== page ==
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Qualitative Outcomes with Stapedotomy Surgery vs Hearing Aids

Stapedotomy Versus Hearing Aids in the Management of Conductive Hearing Loss Caused by Otosclerosis: A Prospective Comparative Study

Molinier, Charles-Edouard∗; Gallois, Yohan∗; Deguine, Olivier∗; Iversenc, Gaetan∗; Vales, Olivier†; Taoui, Soumia∗; Lepage, Benoit‡; Fraysse, Bernard∗; Marx, Mathieu∗

Author Information

Otology & Neurotology 43(7):p 773-780, August 2022. | DOI: 10.1097/MAO.0000000000003585


Abstract

Objective 

To compare the outcomes of patients with unilateral otosclerosis treated consecutively by a hearing aid then stapedotomy.


Study Design 

Monocentric, nonrandomized, prospective, longitudinal, cohort study.


Setting 

Tertiary university hospital.


Patients 

Adult patients with a unilateral conductive hearing loss of at least 30 dB caused by otosclerosis.


Interventions 

Consecutive treatment by an external hearing aid followed by stapedotomy.


Main Outcome Measures 

Differences between hearing aids and stapedotomy in quality of life, pure-tone audiometry, binaural hearing, tinnitus severity, and patient satisfaction.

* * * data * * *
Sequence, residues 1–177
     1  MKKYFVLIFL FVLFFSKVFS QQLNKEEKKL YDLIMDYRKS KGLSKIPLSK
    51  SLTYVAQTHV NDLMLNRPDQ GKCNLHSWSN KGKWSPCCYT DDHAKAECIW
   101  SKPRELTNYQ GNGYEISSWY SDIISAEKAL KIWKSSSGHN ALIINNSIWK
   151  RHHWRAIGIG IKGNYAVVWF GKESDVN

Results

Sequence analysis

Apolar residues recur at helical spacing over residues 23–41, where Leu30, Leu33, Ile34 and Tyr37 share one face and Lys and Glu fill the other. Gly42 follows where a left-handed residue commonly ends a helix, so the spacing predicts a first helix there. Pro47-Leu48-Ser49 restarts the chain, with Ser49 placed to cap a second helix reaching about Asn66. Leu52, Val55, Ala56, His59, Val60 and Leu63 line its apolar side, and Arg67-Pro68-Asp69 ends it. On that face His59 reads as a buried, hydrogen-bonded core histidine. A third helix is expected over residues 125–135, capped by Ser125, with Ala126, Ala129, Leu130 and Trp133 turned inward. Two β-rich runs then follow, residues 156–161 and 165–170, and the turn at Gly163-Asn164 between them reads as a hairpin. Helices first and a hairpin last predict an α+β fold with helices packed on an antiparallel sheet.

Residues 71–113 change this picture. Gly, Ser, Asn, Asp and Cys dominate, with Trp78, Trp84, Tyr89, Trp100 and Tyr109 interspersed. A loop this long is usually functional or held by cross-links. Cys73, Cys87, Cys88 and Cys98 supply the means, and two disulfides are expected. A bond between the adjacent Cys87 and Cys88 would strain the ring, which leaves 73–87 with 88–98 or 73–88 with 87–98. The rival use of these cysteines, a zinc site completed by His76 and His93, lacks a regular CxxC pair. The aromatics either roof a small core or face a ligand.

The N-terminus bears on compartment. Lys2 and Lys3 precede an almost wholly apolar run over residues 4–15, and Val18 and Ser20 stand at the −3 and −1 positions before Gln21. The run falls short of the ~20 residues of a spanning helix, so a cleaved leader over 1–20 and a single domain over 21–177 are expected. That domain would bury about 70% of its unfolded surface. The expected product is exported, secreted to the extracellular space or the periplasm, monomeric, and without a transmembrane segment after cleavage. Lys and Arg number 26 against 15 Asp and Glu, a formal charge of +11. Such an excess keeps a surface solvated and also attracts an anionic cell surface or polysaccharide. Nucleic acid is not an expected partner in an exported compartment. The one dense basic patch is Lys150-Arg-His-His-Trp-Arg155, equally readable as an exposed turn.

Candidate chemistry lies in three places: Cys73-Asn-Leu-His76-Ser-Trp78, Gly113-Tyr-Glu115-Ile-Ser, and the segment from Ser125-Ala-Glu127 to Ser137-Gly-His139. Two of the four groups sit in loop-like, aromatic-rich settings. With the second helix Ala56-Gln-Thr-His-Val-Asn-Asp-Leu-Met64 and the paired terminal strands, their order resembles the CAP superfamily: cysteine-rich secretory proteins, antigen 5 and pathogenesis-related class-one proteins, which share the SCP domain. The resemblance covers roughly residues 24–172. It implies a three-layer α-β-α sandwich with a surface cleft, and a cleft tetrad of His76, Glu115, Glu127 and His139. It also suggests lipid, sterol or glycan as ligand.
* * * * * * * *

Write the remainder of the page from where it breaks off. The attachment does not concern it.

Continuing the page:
Results 

Twenty-two patients were included, of which 20 (91%) underwent stapedotomy. Stapedotomy demonstrated increased quality of life according to Glasgow Health Status Inventory scores versus hearing aids (+10.4 ± 9.4 [p = 0.0001]). Stapedotomy versus hearing aids showed improved pure-tone averages (−11.1 ± 11.0 dB [p = 0.002]) and air-bone gaps (−11.8 ± 10.7 dB [p = 0.0006]). Stapedotomy was superior to hearing aids for speech-in-noise recognition in the reverse dichotic condition (−8.4 ± 26.9 dB [p = 0.004]) and showed improved sound localization accuracy in root mean square error (−14.5 ± 24.5 degrees [p = 0.02]). Stapedotomy, but not hearing aids, showed improved patient self-evaluated tinnitus after baseline adjustment according to the Tinnitus Handicap Inventory (−8.0 ± 13.4 [p = 0.02]) and visual analog scale for tinnitus intensity (−28.7 ± 34.1 [p = 0.006]). Overall, patients were more satisfied with surgery versus hearing aids.


Conclusions 

Stapedotomy remains more effective compared with hearing aids with greater improvements in quality of life, patient satisfaction, hearing outcomes, and self-evaluated tinnitus.


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